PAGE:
© The Author(s), under exclusive license to APress Media, LLC, part of Springer Nature 2021
M. Cywiak, D. CywiakMulti-Platform Graphics Programming with Kivyhttps://doi.org/10.1007/978-1-4842-7113-1_9

9. Parametric 3D Plotting

Moisés Cywiak1   and David Cywiak2
(1)
Leon, Guanajuato, Mexico
(2)
Queretaro, Mexico
 
In this chapter, we present basic elements for parametric 3D plotting. A typical example on this subject consists of a three-dimensional circular helix, shown in Figure 9-1, which was obtained from a screenshot of this program running on an Android cell phone.
../images/510726_1_En_9_Chapter/510726_1_En_9_Fig1_HTML.jpg
Figure 9-1

Screenshot of the program showing a helix, obtained with 3D parametric equations

The buttons in Figure 9-1 have the same functionality as described in Chapter 7.

9.1 Parametric Equations

Three-dimensional parametric equations consist of representing the three-dimensional spatial coordinates (x, y, z) as functions of a single parameter. For programming purposes, this parameter can be an integer that varies between 0 and a maximum value.

To begin with, as in previous chapters, we define the parameters, which are required to perform the projection:
D=4000;
VX=180; VY=200; VZ=0;
Next, we create three one-dimensional arrays of size N+1, ranging from entries 0 to N. The x and z arrays will store the horizontal and depth coordinates, and the y array will store the values corresponding to the function. The code looks as follows:
N=200;
x=np.zeros(N+1); z=np.zeros(N+1); y=np.zeros(N+1);
The parametric equations are shown in Listing 9-1.
Pi=np.pi;
L=50;
for n in range (0,N+1):
    x[n]=L*np.sin(12*Pi/N*n);
    z[n]=L*np.cos(12*Pi/N*n);
    y[n]=n/N*100;
Listing 9-1

Filling the Parametric Variables

In this code, the x[n] and z[n] arrays store the values that correspond to the parametric equations of a circle with radius equal to L. This can be verified by calculating (x[n]**2 + (z[n])**2), which equals L2. The number 12 in the sine and cosine arguments represents the speed of rotation of the helix. If this number is lowered, the helix will exhibit fewer turns.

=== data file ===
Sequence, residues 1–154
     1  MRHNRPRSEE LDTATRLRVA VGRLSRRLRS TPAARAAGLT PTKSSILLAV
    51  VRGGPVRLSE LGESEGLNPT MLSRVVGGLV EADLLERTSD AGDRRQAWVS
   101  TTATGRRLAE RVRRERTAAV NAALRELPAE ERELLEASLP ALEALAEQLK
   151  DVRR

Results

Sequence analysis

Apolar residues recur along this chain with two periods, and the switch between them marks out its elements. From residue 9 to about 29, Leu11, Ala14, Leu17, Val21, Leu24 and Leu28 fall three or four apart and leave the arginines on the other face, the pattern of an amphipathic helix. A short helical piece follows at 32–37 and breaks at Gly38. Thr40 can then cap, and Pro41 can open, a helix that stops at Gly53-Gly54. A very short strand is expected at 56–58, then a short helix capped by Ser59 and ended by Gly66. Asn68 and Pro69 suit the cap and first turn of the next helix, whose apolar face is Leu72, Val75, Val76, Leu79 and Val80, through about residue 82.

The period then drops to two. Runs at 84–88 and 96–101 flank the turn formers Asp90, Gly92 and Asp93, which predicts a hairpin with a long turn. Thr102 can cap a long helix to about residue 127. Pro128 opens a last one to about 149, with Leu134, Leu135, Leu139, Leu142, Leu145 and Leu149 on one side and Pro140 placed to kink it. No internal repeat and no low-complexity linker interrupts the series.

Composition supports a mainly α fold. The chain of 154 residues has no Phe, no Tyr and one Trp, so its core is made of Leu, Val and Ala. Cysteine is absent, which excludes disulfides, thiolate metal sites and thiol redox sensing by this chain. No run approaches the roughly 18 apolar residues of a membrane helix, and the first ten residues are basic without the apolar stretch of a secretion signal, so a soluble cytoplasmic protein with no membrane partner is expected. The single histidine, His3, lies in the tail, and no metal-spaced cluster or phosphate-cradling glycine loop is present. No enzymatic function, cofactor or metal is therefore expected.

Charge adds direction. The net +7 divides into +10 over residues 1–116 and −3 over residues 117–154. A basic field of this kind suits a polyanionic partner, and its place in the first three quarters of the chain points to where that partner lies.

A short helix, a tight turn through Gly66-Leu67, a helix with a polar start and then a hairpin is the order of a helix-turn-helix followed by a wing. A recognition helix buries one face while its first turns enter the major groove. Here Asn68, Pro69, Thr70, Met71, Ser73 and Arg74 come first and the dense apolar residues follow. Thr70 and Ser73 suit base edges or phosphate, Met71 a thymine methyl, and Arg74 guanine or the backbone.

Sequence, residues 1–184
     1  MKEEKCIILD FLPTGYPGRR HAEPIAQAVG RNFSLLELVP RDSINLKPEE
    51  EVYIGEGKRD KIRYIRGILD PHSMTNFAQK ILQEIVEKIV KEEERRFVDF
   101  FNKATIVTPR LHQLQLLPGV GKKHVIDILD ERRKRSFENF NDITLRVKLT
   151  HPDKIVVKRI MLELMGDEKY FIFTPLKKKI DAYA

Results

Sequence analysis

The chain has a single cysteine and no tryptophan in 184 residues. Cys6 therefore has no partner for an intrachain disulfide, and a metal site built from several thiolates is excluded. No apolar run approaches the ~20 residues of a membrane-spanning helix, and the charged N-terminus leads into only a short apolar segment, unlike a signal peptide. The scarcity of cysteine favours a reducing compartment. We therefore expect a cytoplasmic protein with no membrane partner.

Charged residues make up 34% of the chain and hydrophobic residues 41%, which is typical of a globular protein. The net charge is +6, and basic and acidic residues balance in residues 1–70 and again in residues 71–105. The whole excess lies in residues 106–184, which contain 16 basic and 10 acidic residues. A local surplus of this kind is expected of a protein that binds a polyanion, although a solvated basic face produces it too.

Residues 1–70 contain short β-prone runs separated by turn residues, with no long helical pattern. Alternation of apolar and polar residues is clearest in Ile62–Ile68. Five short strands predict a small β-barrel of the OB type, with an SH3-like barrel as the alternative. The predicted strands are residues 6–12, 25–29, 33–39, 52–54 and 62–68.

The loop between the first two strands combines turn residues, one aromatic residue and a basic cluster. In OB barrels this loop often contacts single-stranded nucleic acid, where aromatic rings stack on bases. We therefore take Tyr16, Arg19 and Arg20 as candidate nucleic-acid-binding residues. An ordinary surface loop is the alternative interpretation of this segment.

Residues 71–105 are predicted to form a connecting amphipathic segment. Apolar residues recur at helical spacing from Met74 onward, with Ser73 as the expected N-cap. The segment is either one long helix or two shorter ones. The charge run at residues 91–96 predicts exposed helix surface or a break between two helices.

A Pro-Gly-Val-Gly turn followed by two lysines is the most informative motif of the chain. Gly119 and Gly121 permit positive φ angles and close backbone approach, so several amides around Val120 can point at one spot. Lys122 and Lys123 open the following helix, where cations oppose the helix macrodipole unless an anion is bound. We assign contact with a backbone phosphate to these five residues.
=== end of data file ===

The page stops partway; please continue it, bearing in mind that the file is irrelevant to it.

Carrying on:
In the for loop, the y[n]=n/N*100 directive fills the vertical array with values ranging from 0 to 100, which corresponds to the height of the helix.

To visualize how the helix is drawn, note that as n increases within the for loop, the path of a circle is generated on the x-z plane. At the same time, the vertical height, y, increases, thereby generating the circular helix.

9.2 Plotting

The plot is performed by the GraphFunction(B) function . First, the function creates an array to store the complete set of points that makes up the helix, using the PointList = np.zeros ((N + 1, 2)) directive. Then, we draw the lines that join the set of points, by utilizing this directive:
B.ids.Screen1.canvas.add( Line(points=
                PointList.tolist(), width=1.3)) ;
The corresponding code is shown in Listing 9-2.
#Array to store list of points
PointList=np.zeros( (N+1,2) );
def GraphFunction(B):
    global x,y, z, N, D, VX, VY, VZ, Shift;
    B.ids.Screen1.canvas.clear(); #Clear the screen
    #Color to draw
    B.ids.Screen1.canvas.add( Color(1,0,0) );
    for n in range (0,N+1):    #Drawing
        Factor=(D-VZ)/(D-(z[n]+ZG0)-VZ);
        xA=XC+Factor*(x[n]-VX)+VX+ (P/(1-P))*VX;
        yA=YC+Factor*(y[n]-VY)+VY+ (P/(1-P))*VY;
        PointList[n]=xA,yA;
    B.ids.Screen1.canvas.add( Line(points=
                PointList.tolist(), width=1.3)) ;
Listing 9-2

Code for Plotting the Function

The code listings for main.py and File.kv are shown in Listings 9-3 and 9-4, respectively.
from kivy.app import App
from kivy.uix.floatlayout import FloatLayout
from kivy.graphics import Line, Color
from kivy.clock import Clock
import os
import numpy as np
from kivy.lang import Builder
Builder.load_file(
    os.path.join(os.path.dirname(os.path.abspath(__file__)), 'File.kv')
    )
#Avoid Form1 of being resizable
from kivy.config import Config
Config.set("graphics","resizable", False)
Config.set('graphics', 'width',  '480');
Config.set('graphics', 'height', '680');
#These values are adjusted by the function
#Initialize() after Clock.schedule_once
#has been executed.
#Canvas center= (XC,YC) and width and height =(W,H);
D=4000;
VX=180; VY=200; VZ=0;
#Factor0 =(D-VZ) / (D/2-VZ);
N=200;
x=np.zeros(N+1); z=np.zeros(N+1); y=np.zeros(N+1);
P=0.5;
ZG0=P*D;
Pi=np.pi;
L=50;
for n in range (0,N+1):
    x[n]=L*np.sin(12*Pi/N*n);
    z[n]=L*np.cos(12*Pi/N*n);
    y[n]=n/N*100;
#Array to store list of points
PointList=np.zeros( (N+1,2) );
def GraphFunction(B):
    global x,y, z, N, D, VX, VY, VZ, Shift;
    B.ids.Screen1.canvas.clear(); #Clear the screen
    #Color to draw